I have to admit, I miss my bike commute. (I bet you’ll rarely hear a driver say that about their car commute!) I cycled to work during the warmer months for about three years, which was, for the majority of that time, 21km each way. (Yes, it’s doable!) Sometimes on my morning ride, I took the False Creek sea wall and really enjoyed it. If you haven’t yet discovered the bliss of biking to work and your commute is under 25km, this week is a perfect one to start. Today is Bike Day in Canada and the start of the 10th annual Bike to Work Week spring edition, ending June 5. While I don’t get to enjoy the thrill and freshness of an early morning ride anymore, I can attest to how awesome biking to work is. Here’s my take.
I get around everywhere by bike, public transit and on foot. So when my mayor presented the Mayors’ Council plan during a HUB committee meeting, I was super excited. More SeaBus? B-Lines in my neighbourhood? Bike lanes? YES!
All this and more needs to be funded somehow. There’s a lot of fact-slinging, grumbling and even partying happening, so I thought I’d offer my own personal reasons for supporting the plan. And some info along with it.
Here’s why I’m voting YES:
1. Safe cycling paths are the best!
More safe cycling paths means cyclists like myself — and those usually less comfortable riding in the city — can get to their destinations more easily. 2700 more kilometres of bike paths will encourage more people to take up cycling as a convenient, fast, safe and fun way to get around. Check out my 6+ reasons why bikes are good for Vancouver.
I’m this excited. (Photo by Pia Massie)
2. 50% more SeaBus service, woo!
10-minute SeaBus service at peak times at 15-minute service otherwise will literally change my life. It’s so stressful to miss — or almost miss — one, especially when buses in my neighbourhood often fail to make this critical connection at rush hour. More frequent SeaBus means more freedom in our schedules. I’d hardly need to look at the time. Leave when you want, and you won’t have to wait long. I think this will be a huge draw for people who currently deal with backed-up bridge traffic. Speaking of which…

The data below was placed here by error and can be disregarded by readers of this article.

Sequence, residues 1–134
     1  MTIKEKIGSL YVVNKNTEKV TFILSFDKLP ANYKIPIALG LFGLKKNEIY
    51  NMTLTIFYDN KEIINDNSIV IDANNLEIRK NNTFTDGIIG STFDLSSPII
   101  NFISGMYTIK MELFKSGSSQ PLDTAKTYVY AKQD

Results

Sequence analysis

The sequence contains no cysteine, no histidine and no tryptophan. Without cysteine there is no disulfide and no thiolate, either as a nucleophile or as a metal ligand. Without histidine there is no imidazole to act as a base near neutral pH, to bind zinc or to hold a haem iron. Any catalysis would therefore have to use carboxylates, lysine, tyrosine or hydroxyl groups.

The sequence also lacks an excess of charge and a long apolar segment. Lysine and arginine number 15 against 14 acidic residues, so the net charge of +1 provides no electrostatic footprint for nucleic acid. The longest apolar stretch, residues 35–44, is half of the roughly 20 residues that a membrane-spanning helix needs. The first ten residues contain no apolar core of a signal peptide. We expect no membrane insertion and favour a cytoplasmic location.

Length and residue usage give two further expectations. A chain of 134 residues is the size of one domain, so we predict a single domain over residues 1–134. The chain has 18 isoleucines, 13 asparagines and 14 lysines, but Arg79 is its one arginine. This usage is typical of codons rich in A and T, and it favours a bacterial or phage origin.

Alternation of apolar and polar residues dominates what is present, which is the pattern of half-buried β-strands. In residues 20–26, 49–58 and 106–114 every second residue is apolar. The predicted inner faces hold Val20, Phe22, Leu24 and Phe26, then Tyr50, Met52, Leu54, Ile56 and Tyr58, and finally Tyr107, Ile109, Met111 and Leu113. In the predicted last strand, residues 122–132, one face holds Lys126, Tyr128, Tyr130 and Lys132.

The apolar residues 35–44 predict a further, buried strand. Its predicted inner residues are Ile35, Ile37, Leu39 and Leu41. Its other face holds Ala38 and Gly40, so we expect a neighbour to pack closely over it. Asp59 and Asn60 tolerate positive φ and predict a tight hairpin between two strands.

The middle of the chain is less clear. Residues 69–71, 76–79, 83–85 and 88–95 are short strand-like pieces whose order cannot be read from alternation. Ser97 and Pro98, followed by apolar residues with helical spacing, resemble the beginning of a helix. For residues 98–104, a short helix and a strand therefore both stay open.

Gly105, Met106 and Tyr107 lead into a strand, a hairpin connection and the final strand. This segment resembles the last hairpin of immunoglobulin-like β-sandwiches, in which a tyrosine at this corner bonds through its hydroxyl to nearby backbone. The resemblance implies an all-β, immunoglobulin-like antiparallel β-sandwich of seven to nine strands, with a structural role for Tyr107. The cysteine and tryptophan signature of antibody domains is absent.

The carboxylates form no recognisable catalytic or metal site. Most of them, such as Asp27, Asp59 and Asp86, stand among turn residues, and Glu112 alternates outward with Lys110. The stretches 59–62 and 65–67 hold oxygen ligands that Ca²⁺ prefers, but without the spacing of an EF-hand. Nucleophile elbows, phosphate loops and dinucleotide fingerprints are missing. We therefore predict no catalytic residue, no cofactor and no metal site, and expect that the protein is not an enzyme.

Among other cities paving the way (literally) for higher bicycle ridership is London, England. They’re probably better known for congestion pricing for car traffic (one of the first, but not the first, cities to implement it) than cycling, but their current mayor wants to improve their performance with a new plan that includes a 12-route bicycle commuter network radiating from the city centre, a bike-sharing program launched last summer and a new bike police unit.
In place for a few months now, the two new, blue, bike superhighways are quite successful, increasing by a whopping 70% the number of cyclists on the streets compared to their pre-superhighway incarnation (comparing October 2009 to October 2010).
New figures show that the number of cyclists along the first two Barclays Cycle Superhighway routes, which run from Merton to the City and Barking to Tower Gateway, has risen by 70 per cent with increases of 100 per cent or more seen on some sections during peak hours. — Transport for London
It’s hard to argue with that. I hope to check them out first hand when I visit the city this spring. Have you been there and tried them out? What did you think?
While New York City still has problems in some areas that appear to conflict with their progressive plans in others, I’m still including it in this series. With the likes of architect Jan Gehl and DOT Commissioner Janet Sadik-Khan (who was here in 2009) in its arsenal, NYC has started changing the structure of its streets.
Sections of streets have been transformed, if only in trials, into space for cafes and public seating, dramatically changing the look and purpose, and allowing people to linger and rest. Car-free programs abound. They launched a car-sharing program with Zipcar and are looking at a high-tech bike share network. They’re also turning parking meters into bike racks.